A former Arizona police chief who publicly clashed with
ex-Maricopa County Sheriff Joe Arpaio while their tenures
coincided has spoken out about the consequences of Arpaio’s
single-minded focus on immigration enforcement, saying such
tactics “harm public safety.”
was pardoned by President Donald Trump Friday after being
convicted of criminal contempt for violating a court order to
stop racially profiling Latinos. The pardon sparked outrage
across the political spectrum.
Over his nearly 24 years as sheriff,
Arpaio had racked up a legacy of lawsuits, inmate
deaths, and allegations of rights abuses and constitutional
interview with The Crime Report Tuesday, former Mesa
Police Chief George Gascón, who now serves as San Francisco
District Attorney, said Arpaio’s fixation with arresting
undocumented immigrants left the sheriff’s office drained of
resources that were necessary to investigate crimes.
Gascónon also said that during his tenure at the
Mesa police department between 2006 and 2009, his city saw a
reduction in both violent and property crime. Yet just across the
city lines, in the areas of Maricopa County that were policed by
Sheriff Joe Arpaio, “crime consistently went up,” Gascón said.
report by the conservative, Arizona-based Goldwater Institute
partly confirmed Gascón’s analysis, determining that reported
violent crimes in Maricopa County rose by 69% and homicides leapt
166% between 2004 and 2007, meanwhile Mesa’s violent crime rate
dropped by 11% and its homicide rate remained
stable. Over the entire span of Arpaio’s tenure, however,
crime overall tended to fluctuate year by year, with
property crime dropping significantly, while violent crime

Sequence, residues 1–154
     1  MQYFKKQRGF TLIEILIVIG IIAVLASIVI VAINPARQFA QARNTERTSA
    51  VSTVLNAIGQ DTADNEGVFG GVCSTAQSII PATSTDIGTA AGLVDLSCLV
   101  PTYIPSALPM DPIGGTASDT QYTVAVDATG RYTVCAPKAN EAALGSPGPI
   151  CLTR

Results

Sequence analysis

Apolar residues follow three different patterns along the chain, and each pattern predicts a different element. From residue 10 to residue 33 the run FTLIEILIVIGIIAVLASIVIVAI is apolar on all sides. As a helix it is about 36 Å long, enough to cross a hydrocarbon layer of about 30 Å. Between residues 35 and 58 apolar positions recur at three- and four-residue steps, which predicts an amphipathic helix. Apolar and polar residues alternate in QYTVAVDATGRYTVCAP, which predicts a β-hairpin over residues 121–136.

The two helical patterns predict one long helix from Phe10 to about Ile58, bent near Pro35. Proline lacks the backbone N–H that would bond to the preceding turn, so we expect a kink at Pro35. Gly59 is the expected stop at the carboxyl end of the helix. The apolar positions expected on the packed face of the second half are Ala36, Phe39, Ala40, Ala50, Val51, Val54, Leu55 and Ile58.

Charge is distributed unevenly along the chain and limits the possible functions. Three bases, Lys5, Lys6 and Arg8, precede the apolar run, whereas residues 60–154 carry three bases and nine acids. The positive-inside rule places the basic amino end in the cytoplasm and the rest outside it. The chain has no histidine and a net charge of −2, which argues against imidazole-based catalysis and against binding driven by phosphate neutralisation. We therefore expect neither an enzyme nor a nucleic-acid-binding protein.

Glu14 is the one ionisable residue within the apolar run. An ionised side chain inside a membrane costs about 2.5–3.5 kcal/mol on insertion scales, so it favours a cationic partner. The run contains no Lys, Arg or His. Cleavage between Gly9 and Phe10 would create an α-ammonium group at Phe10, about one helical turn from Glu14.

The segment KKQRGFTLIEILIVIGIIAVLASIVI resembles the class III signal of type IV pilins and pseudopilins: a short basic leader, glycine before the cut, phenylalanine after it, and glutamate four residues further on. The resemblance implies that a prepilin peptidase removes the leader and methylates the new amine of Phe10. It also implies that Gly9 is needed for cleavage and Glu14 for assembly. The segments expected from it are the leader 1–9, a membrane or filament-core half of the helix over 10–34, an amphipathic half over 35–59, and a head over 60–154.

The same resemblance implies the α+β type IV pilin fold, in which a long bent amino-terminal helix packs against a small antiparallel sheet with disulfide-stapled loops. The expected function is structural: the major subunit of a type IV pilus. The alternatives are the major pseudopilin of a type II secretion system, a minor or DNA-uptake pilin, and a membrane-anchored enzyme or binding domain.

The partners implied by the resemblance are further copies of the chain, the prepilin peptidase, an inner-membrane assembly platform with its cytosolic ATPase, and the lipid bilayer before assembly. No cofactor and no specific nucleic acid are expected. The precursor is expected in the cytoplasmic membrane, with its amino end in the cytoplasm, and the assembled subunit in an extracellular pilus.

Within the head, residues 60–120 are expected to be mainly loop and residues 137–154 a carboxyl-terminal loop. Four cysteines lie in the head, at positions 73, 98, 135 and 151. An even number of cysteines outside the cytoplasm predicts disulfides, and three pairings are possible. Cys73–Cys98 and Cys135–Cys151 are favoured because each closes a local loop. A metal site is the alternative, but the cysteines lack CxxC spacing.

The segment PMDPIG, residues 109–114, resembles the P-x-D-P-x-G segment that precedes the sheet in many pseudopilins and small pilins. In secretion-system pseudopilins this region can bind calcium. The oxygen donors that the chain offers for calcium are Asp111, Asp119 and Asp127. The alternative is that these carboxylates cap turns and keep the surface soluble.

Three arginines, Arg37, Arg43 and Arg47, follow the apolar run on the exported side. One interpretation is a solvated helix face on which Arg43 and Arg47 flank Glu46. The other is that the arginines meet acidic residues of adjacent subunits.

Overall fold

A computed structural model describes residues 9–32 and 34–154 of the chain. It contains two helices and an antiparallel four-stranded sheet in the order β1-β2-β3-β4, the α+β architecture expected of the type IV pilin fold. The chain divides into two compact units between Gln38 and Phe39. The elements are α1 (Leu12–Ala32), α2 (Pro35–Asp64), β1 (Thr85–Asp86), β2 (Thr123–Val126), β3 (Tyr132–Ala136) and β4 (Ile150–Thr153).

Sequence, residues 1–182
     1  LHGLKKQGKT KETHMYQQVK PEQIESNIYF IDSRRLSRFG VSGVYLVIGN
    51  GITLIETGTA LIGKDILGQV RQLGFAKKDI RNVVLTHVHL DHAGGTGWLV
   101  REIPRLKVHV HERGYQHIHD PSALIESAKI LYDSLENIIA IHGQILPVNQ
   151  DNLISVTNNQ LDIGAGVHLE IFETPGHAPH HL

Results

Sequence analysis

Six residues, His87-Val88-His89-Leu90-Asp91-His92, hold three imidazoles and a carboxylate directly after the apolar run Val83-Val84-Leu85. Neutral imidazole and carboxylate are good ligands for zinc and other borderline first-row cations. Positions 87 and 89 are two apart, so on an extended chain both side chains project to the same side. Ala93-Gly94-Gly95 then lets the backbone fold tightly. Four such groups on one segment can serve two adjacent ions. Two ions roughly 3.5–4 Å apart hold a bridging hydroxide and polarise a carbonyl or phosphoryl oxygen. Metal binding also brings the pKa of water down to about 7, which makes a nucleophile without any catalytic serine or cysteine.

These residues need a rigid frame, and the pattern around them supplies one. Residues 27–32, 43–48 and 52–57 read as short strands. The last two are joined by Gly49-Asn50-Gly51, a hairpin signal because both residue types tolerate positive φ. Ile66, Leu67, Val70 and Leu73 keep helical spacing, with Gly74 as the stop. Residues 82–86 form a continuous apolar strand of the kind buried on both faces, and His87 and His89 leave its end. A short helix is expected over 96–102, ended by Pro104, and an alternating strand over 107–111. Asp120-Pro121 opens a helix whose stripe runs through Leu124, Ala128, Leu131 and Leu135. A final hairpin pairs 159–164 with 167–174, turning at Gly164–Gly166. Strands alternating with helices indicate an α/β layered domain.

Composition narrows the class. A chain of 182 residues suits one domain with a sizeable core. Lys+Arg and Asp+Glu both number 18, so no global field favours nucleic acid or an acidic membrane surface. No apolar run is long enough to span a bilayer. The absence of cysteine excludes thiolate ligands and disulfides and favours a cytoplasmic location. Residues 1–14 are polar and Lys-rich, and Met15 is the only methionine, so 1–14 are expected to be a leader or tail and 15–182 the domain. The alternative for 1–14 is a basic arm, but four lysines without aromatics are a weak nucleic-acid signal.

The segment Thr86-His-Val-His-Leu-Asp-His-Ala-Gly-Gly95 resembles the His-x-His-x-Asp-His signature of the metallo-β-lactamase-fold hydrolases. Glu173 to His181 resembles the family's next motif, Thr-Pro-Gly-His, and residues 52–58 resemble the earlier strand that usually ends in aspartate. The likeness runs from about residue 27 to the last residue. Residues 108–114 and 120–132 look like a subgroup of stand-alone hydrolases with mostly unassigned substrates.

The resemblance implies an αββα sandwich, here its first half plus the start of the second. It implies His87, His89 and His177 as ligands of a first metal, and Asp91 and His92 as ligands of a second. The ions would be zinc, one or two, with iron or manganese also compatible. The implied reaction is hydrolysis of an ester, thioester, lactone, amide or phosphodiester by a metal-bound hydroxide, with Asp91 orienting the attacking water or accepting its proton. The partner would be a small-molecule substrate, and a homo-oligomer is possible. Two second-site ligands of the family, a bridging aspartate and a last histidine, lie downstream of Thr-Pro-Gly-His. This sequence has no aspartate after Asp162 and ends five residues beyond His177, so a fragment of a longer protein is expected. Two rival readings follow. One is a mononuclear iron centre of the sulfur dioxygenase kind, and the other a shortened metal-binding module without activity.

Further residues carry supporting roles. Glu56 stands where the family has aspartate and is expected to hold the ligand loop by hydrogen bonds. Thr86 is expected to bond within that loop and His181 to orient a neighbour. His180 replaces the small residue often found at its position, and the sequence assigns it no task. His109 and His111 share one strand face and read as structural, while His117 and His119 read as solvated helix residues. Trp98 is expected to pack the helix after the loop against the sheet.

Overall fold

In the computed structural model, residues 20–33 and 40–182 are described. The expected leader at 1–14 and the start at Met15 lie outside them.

remained stable or dropped slightly in certain years.
Gascón attributed the discrepancy between Mesa’s and Maricopa
County’s crime rates to the trust levels the separate law
enforcement agencies had cultivated with their communities. Mesa
residents were willing to report crime to their local police
department, Gascón said, but many Maricopa County residents were
hesitant to contact their sheriff’s department.
“The reason why crime was going up there just across the city
line while, in similar communities, crime was going down, was
because, number one, we began to develop a relationship with our
community members, who were then willing to come and report crime
and work with us,” he said.
“And number two, we were able to dedicate our resources to deal
with what local law enforcement is trained and chartered to do,
which is to deal with local crimes.”
It’s an argument commonly made by proponents of so-called
“sanctuary city” policies, which many jurisdictions employ to
limit their local police departments’ cooperation with federal
immigration authorities. Sanctuary cities believe that tasking
local police officers with enforcing federal immigration law sows
fear throughout immigrant communities, preventing them from
interacting with law enforcement, reporting crime, or testifying
as witnesses in criminal cases.
The issue has been thrust into the political limelight by
President Donald Trump, whose administration has sought to crack
down on sanctuary cities by withholding grant funding to police
departments. In response to the efforts, multiple cities have
sued the Trump administration.
According to Gascón, immigration enforcement by local police has
demonstrably counterproductive results. He recalled that during
his time as Mesa police chief, he was once told of an
undocumented woman from Guatemala who was assaulted and raped
while she lived in a Maricopa County jurisdiction, but feared
seeking medical treatment or reporting the crime to police.
“So you had a woman who had been brutally raped, needed medical
assistance, and really needed to have law enforcement investigate
the case, but who didn’t want to do any of those things because
of her immigration status,” Gascón said.
“We came to find out later that the person who sexually assaulted
her had likely been involved in other previous sexual assaults
and eventually assaulted and raped another woman. So this is an
example of why you don’t want community members to be afraid to
report a crime. When that happens, the criminal elements in the
community believe they can act with impunity because certain
victims, and certain witnesses, are not going to report them.”